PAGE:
Star of Bethlehem

Indonesian: Tolod
  • Kingdom: Plantae
  • (unranked): Angiosperm
  • (unranked): Eudicots
  • (unranked): Asterids
  • Order: Asterales
  • Family: Campanulaceae
  • Genus: Hippobroma
  • Species: H. longiflora
  • sap is very poisonous and irritating to skin
  • contains powerful alkaloids, nicotine and lobeline
  • thrives in shady, low-land areas with moderate rainfall

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Plant Overview

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Taken From Wikipedia

Hippobroma longiflora (also called Star of Bethlehem, not to be confused with other species by that name) is a flowering plant in the Campanulaceae family. It is endemic to the West Indies, but has become naturalized across the American tropics and Oceania.[1]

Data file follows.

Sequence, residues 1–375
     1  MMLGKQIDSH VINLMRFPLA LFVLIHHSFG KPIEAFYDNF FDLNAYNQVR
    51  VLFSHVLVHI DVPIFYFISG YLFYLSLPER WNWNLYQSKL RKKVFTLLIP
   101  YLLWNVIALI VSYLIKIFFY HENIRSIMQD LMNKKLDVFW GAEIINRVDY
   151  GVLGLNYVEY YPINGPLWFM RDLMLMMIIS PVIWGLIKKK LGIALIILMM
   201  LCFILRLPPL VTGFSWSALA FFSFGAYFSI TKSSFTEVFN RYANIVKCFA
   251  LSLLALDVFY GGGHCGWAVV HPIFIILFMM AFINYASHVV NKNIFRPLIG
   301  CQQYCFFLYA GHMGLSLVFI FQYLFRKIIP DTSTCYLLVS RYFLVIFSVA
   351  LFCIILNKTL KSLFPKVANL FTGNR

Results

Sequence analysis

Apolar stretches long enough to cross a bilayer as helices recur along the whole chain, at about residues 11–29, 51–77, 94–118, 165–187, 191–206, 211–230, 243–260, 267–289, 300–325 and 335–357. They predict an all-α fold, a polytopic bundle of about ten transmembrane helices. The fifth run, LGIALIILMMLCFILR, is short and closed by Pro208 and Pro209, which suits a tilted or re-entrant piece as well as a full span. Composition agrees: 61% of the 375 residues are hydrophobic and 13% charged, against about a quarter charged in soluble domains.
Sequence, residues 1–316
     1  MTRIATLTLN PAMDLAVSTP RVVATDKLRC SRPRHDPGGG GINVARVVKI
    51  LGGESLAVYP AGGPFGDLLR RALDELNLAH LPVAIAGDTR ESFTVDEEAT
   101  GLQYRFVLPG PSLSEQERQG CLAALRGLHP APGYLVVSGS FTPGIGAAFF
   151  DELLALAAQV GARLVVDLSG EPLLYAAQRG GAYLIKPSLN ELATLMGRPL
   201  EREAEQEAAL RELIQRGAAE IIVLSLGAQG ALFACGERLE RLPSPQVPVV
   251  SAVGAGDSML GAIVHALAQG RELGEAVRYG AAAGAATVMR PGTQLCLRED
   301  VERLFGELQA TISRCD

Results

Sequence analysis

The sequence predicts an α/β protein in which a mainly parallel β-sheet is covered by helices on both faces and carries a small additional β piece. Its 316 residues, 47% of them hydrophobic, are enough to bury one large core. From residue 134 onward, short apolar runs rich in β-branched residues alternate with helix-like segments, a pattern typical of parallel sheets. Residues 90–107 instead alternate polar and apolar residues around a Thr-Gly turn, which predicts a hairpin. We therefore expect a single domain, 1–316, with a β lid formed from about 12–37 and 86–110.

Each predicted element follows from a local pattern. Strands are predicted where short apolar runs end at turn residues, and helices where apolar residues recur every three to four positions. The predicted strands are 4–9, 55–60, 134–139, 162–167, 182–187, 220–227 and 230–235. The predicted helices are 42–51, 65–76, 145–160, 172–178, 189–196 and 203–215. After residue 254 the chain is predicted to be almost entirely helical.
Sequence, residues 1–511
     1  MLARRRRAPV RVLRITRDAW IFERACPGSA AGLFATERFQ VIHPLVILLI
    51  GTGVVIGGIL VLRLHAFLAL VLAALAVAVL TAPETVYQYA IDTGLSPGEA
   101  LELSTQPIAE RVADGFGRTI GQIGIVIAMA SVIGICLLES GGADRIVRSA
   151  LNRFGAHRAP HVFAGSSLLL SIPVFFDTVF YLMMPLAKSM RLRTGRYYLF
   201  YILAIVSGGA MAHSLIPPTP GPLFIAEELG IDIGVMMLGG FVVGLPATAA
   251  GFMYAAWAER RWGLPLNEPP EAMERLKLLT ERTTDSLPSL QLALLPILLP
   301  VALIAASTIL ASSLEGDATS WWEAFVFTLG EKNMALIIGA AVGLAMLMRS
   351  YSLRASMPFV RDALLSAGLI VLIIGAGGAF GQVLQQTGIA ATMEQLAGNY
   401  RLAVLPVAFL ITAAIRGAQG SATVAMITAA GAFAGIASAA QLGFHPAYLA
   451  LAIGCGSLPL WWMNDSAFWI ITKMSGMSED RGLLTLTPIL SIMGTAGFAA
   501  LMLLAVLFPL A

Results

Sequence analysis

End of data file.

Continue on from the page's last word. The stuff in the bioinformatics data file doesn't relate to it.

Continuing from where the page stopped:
It is notable for its concentrations of two pyridine alkaloids: lobeline and nicotine. The effects of nicotine and lobeline are quite similar, with psychoactive effects at small dosages and with unpleasant effects including vomiting, muscle paralysis, and trembling at higher dosages.[2] For this reason, H. longiflora (and its various synonyms) is often referenced for both its toxicity and its ethnobotanical uses.

When pulling this weed, it is important to wear gloves: the sap is an irritant which can be absorbed through the skin, and a small amount of sap in the eyes can cause blindness.

Local Knowledge

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